Freakonomics – A Journey on Challenging Conventional Wisdom Through Economics
Reading a book about economics is probably good for anyone in today's business world or for myself, a small business coach. Yet, the authors, Steven D. Levitt and Stephen J. Dubner, of Freakonomics provided their readers a lot more than just numbers.
The first hook that I received was how the authors defined morality and economics. Not, I am not going to share those definitions with you. You need to buy the book or check the book out at the local library.
Then the authors proceeded to connect seemingly unrelated events through 6 chapters from What Do Schoolteachers and Sumo Wrestlers Have in Common? to What Makes a Perfect Parent? using the science of measurement. These are not your standard economic topics by conventional wisdom. Their efforts reminded me of the Connections television series hosted by James Burke (science historian) that debuted in the late 1970's.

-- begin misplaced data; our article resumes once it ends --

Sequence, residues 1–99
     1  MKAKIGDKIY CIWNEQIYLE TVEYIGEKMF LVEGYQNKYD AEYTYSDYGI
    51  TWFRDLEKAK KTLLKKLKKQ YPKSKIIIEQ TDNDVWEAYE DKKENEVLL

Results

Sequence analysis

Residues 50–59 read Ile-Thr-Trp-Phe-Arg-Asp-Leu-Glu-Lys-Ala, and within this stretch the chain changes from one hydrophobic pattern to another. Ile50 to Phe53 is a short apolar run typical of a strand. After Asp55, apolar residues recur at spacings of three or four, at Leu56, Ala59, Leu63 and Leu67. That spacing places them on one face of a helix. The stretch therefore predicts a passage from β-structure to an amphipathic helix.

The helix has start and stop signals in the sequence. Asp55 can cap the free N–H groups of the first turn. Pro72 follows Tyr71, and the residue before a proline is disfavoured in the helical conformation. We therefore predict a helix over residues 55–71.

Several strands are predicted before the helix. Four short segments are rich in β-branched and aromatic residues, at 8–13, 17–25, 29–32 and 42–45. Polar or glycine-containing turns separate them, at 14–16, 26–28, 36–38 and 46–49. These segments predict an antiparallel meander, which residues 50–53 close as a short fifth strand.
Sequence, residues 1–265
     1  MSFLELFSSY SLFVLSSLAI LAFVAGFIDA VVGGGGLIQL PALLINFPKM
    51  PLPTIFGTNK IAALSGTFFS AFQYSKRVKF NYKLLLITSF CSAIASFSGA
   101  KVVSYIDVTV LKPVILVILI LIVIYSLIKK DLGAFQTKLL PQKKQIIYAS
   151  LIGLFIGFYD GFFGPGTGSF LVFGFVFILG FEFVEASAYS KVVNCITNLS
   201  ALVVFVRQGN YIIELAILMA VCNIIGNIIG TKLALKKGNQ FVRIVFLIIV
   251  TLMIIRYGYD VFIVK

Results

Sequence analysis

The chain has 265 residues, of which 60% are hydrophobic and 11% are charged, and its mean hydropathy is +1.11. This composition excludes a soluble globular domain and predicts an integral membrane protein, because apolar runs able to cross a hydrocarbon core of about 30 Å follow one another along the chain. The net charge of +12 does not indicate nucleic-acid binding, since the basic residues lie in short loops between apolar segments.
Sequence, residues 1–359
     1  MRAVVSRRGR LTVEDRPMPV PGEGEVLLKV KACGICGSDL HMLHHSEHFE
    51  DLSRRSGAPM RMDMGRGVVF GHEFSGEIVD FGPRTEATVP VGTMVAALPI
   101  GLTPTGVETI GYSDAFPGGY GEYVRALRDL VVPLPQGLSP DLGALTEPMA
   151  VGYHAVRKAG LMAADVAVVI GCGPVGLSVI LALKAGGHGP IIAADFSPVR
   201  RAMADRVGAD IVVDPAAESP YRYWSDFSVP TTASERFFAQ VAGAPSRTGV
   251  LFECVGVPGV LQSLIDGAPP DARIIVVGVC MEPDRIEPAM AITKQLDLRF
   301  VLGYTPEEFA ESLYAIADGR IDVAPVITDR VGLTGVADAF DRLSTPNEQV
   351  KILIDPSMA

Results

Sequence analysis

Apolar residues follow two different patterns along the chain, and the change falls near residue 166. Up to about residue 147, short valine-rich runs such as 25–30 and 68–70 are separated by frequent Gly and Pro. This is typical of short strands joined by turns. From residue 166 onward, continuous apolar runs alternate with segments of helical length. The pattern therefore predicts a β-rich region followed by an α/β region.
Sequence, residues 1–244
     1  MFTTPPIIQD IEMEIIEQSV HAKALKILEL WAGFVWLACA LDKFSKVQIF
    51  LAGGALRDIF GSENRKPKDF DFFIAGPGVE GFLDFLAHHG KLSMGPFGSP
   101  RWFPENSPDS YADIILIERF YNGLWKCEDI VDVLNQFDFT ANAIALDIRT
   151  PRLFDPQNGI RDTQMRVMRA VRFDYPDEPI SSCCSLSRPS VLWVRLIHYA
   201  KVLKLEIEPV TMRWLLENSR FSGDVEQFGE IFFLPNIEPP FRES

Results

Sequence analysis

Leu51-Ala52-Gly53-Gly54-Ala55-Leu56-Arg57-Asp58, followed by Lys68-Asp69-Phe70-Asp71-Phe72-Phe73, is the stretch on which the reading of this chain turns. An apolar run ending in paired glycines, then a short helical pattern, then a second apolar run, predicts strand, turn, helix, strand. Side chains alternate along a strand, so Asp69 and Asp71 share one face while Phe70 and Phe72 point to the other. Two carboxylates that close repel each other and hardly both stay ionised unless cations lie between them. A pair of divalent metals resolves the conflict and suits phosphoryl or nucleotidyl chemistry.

What the authors accomplished for me was:
- To confirm through some unique examples that we as human beings have a tendency to confuse cause and effect
- To look beyond the accepted conventional wisdom with a different perspective by asking the unasked questions
In far warning, part of this book might be viewed quite negatively by some readers. The authors did their best to balance their findings against anticipated moral outrage.
Again, conventional wisdom many times has us throwing out the baby with the bath water. Levitt and Dubner are asking you to question what you really know against what you have been told. You may not agree with their findings, but the process of open and honest question should be the conventional wisdom within every individual.